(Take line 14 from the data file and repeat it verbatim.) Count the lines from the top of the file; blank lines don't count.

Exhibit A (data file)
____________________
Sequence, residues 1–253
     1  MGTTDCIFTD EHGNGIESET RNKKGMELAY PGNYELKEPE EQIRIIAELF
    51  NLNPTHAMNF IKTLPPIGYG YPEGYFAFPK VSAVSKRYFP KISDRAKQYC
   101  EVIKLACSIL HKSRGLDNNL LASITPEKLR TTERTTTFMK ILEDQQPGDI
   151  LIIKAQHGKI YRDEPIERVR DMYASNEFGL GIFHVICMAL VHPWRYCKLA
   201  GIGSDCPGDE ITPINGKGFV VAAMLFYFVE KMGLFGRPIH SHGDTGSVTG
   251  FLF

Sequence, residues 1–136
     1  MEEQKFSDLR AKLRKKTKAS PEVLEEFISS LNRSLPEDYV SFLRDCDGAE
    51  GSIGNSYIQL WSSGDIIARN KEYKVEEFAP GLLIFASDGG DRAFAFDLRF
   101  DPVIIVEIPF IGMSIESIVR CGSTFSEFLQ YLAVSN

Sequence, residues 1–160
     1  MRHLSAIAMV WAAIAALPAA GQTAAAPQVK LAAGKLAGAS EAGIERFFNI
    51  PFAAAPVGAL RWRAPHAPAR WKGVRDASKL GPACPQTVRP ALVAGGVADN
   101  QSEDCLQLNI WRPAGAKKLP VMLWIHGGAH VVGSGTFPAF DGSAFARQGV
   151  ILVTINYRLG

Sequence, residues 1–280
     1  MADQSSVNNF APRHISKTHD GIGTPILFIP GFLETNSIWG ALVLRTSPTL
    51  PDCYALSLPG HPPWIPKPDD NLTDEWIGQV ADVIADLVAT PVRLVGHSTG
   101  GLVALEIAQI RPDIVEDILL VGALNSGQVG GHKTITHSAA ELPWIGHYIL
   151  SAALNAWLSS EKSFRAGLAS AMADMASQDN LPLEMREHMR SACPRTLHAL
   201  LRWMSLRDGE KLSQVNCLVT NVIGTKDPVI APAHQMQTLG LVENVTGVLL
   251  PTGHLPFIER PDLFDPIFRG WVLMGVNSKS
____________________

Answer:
    51  PFAAAPVGAL RWRAPHAPAR WKGVRDASKL GPACPQTVRP ALVAGGVADN